This effort should occur early in the project so any hidden requirements can be found and documented before development starts in earnest. An early prototype will also enable the validation of user assumptions with subject matter experts or actual users early in the design cycle, further mitigating the risks of late requirement changes.

#2: Communication of critical decision points

As explained in the first part of this series, successful software development projects cannot be treated with a “set it and forget it” mentality. 

When managing medical device development partners, it is vital to understand when critical decisions are being made by your partners and the impact of those decisions. After requirements definition, a software development effort typically starts by determining the system-level architecture that defines the project’s structure and then builds on top of that architecture to achieve the different levels of functionality needed. 

It is crucial to understand which requirements drove the implementation direction, why they drove the direction, and which requirements now will be expensive to change. Knowing this information enables the management of expectations within your organization. It heads off future expensive changes by addressing incorrect or incomplete requirements before the development team has gone too far in implementation.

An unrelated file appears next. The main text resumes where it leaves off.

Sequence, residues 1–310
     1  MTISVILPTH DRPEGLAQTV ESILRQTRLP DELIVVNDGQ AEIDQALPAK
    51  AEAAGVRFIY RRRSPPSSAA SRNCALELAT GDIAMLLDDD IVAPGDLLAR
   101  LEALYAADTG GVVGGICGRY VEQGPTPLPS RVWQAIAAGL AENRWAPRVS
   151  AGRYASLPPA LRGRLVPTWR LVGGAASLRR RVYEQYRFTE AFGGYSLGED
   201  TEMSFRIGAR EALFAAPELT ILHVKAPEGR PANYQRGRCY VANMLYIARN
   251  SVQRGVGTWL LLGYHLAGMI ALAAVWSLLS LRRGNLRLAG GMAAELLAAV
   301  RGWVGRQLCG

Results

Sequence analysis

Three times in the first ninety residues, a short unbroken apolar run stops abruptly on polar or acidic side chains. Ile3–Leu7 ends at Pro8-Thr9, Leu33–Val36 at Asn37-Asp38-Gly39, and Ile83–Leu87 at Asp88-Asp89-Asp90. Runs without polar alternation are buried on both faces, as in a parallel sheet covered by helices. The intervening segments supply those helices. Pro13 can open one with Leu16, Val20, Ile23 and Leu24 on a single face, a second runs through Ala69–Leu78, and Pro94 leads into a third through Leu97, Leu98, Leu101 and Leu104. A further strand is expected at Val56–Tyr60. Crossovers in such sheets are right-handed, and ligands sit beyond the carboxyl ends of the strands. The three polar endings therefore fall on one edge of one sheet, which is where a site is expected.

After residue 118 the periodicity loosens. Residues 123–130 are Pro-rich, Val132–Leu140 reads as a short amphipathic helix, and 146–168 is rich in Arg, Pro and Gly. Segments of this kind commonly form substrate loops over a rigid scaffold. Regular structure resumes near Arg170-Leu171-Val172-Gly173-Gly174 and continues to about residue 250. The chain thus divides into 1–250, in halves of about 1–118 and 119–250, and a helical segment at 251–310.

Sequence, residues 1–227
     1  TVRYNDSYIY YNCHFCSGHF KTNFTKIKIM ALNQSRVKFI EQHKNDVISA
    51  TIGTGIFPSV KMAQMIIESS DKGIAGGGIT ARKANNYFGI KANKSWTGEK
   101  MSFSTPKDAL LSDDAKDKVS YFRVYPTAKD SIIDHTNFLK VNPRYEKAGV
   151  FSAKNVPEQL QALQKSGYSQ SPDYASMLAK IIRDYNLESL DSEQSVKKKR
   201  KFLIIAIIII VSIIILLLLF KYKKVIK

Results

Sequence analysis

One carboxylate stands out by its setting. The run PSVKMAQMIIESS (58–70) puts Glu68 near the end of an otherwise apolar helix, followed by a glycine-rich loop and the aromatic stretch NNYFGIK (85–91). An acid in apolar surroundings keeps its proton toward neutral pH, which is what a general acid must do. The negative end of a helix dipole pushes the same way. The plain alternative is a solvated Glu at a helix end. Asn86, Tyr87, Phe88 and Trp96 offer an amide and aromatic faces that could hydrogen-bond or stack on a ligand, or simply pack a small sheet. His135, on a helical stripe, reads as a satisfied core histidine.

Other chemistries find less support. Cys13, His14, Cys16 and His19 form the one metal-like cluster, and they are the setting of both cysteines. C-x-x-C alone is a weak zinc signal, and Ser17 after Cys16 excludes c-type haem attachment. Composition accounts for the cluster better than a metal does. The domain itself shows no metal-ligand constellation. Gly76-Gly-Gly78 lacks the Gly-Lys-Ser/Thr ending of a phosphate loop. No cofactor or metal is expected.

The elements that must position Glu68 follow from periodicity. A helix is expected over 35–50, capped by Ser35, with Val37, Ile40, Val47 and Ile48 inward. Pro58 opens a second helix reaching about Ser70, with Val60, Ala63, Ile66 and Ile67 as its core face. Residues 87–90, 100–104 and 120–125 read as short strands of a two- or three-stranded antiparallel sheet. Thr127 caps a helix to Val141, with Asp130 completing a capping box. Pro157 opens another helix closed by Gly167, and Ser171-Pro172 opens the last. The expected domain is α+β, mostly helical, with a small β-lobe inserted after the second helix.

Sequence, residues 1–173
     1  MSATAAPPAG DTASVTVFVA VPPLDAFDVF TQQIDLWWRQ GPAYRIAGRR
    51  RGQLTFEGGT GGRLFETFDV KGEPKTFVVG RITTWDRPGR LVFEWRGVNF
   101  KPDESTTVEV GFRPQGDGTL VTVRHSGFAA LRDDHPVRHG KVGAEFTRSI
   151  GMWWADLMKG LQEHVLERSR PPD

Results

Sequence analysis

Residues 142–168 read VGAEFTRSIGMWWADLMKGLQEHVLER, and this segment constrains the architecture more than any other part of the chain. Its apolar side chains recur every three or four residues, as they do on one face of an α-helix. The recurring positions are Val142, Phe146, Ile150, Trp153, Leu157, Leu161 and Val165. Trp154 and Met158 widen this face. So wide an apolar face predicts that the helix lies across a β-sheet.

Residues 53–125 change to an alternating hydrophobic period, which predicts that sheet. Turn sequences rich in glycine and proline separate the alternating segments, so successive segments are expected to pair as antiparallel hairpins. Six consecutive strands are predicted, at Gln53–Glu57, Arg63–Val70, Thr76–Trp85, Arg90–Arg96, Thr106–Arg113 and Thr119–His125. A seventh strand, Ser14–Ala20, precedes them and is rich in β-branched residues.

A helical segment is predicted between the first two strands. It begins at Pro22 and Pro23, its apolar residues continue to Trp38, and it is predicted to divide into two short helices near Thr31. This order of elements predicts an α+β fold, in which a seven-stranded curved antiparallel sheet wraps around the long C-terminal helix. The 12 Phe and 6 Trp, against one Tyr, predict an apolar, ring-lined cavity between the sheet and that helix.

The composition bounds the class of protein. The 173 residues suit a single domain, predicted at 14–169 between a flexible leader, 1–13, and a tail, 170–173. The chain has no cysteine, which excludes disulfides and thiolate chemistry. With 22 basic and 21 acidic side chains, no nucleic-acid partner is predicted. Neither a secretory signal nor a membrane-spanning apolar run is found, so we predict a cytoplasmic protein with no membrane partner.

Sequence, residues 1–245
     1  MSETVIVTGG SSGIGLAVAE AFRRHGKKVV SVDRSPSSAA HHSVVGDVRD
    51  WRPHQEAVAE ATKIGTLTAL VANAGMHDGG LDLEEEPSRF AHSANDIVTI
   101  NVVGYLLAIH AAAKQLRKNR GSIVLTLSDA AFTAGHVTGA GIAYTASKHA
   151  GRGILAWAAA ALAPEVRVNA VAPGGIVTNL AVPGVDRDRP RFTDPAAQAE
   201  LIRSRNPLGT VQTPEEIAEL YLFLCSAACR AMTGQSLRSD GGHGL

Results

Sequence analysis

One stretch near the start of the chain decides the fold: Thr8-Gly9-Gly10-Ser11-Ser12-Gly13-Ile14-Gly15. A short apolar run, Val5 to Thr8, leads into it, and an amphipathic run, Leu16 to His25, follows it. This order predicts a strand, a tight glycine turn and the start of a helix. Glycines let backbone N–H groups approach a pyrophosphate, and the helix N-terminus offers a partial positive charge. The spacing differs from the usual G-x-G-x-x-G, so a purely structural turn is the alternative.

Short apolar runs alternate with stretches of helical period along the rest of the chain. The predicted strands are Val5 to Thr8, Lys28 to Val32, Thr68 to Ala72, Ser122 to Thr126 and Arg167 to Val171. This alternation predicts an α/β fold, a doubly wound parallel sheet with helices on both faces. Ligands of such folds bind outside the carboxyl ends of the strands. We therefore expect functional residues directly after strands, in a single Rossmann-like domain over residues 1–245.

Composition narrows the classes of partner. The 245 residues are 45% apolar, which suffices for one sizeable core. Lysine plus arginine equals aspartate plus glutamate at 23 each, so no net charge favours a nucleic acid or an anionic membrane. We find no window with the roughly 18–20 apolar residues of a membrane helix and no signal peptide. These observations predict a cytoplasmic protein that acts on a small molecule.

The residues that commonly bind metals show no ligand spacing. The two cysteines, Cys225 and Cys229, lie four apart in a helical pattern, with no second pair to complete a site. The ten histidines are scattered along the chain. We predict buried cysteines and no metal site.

Critical requirements can be communicated in various ways depending on how the development partner is being managed. An effective method could be to hold a review at each software development increment to discuss the requirements that drove the current design and “lock” them moving forward. 

Another method may be to have the development partner color code the requirements document to show which requirements have already been implemented, which are in the implementation process, and which have yet to be implemented to communicate where they are in the development effort.